Slack leaked hashed passwords from its servers for years

Users who created shared invitation links for their workspace had login details slip out among encrypted traffic

Did Slack send you a password reset link last week? The company has admitted to accidentally exposing the hashed passwords of workspace users.

The issue occurred when a user created or revoked a shared invitation link for their workspace. The good news is that the password wasn't plaintext, and it wasn't visible in any Slack clients. The bad news is that it could be picked up by monitoring encrypted traffic from Slack's servers, and it appears that all users who created or revoked those links between April 17, 2017, and July 17, 2022, are affected.

Slack said only 0.5 percent of users were affected, which doesn't sound too terrible until you consider how many Slack users are out there. While getting a definitive user figure for any chat platform is tricky and varies depending on what measure the vendor is using, it is safe to assume Slack has 10 million or more daily active users, meaning that at least 50,000 could have been affected. We asked the company to confirm this, and will update if there is a response.

Slack lays claim to over 169,000 paid customers and says "millions of people around the world use Slack to connect their teams."

The company was informed of the issue by an independent security researcher on July 17, and swiftly fixed the issue before assessing the scale of the impact. "We have no reason to believe that anyone was able to obtain plaintext passwords because of this issue," it insisted, but has still reset the passwords of affected users regardless.

It also recommends the inevitable move to two-factor authentication and the use of unique passwords for every service in use.

The problem is that while the passwords were hashed and salted, and Slack noted that "it is practically infeasible for a password to be derived from the hash," extracting a password is possible (the key word is "practically"). Miscreants are well versed in brute-force methods and it has been possible to harvest those passwords for years.

It would therefore also be a good idea to check out the access logs for one's account, just in case, as well as perform the reset as recommended by Slack. ®

Send us news

Nvidia patches 29 GPU driver bugs that could lead to code execution, device takeover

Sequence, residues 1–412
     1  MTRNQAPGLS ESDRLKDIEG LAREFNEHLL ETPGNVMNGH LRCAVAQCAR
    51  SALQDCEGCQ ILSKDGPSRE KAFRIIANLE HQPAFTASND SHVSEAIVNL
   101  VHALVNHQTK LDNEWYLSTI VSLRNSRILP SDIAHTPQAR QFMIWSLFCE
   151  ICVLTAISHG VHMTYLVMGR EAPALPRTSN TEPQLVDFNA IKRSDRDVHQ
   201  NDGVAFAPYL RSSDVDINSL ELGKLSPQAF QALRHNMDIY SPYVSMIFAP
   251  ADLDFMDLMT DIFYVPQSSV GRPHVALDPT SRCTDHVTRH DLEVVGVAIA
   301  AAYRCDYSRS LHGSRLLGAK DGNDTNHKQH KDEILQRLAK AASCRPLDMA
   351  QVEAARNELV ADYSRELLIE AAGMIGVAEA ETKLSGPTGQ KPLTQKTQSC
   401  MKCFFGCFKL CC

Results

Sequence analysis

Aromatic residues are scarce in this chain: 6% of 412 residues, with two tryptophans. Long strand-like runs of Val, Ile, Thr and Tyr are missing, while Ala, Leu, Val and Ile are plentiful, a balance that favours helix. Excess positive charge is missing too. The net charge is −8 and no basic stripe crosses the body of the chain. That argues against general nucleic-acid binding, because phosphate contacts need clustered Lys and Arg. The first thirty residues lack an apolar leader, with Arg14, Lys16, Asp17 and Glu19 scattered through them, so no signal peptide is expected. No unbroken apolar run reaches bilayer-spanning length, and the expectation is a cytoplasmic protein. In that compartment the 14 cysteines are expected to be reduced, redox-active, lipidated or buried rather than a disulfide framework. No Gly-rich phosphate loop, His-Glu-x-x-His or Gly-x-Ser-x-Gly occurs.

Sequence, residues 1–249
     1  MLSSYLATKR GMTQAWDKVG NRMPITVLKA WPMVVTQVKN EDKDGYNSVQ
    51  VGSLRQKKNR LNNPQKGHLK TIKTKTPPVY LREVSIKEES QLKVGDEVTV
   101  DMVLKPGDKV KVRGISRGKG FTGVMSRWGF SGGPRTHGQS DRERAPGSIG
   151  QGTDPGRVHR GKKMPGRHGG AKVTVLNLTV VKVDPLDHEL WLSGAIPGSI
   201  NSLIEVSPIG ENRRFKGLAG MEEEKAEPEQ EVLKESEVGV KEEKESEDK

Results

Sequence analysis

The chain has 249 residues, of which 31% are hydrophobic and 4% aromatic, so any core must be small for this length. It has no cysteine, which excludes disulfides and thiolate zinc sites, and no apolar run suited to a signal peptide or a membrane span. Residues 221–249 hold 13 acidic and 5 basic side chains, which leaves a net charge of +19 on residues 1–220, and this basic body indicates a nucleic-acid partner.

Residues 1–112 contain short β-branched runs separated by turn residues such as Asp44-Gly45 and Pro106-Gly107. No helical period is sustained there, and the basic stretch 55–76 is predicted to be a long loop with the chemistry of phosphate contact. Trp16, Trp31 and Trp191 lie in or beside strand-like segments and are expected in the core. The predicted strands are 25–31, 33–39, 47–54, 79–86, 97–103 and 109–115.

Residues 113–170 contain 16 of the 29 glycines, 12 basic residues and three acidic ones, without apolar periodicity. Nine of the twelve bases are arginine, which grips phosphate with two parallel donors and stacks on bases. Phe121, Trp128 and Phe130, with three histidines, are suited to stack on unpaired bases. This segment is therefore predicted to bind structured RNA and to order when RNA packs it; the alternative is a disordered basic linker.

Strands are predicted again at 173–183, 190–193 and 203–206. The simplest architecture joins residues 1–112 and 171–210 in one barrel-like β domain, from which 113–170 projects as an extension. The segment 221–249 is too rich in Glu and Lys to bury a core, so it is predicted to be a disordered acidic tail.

Take a break from the gaming and fix these now

Salesforce ends CEO job share – again. Marc Benioff back as sole boss

Bret Taylor returns to entrepreneurial roots after losing his gig as chair of Twitter

DoJ worries messaging apps could hide evidence of crime, corruption

Record keeping rules might need a tweak to ensure content is preserved

Egad, did Apple do something right? End-to-end encryption for (most) iCloud services

And remember CSAM scanning plan? Forget that was ever a thing

Google says Android runs better when covered in Rust

Banishing memory safety bugs cuts critical vulnerabilities

REvil-hit Medibank to pull plug on IT, shore up defenses

If safety regulations are written in blood, what are security policies written in? Sweat and cursing?

States label TikTok 'a malicious and menacing threat'

Texas bucks app off government devices as Indiana takes social media biz to court

Sirius XM flaw unlocks so-called smart cars thanks to code flaw

Telematics program doesn't just give you music, but a big security flaw

Google warns stolen Android keys used to sign info-stealing malware

OEMs including Samsung, LG and Mediatek named and shamed

Rackspace rocked by ‘security incident’ that has taken out hosted Exchange services

Warns recovery could take several days and pledges better support after customer complaints

FBI warns about Cuba, no, not that one — the ransomware gang

Critical infrastructure attacks ramping up

AWS fixes 'confused deputy' vulnerability in AppSync

Datadog security researchers found the flaw before miscreants did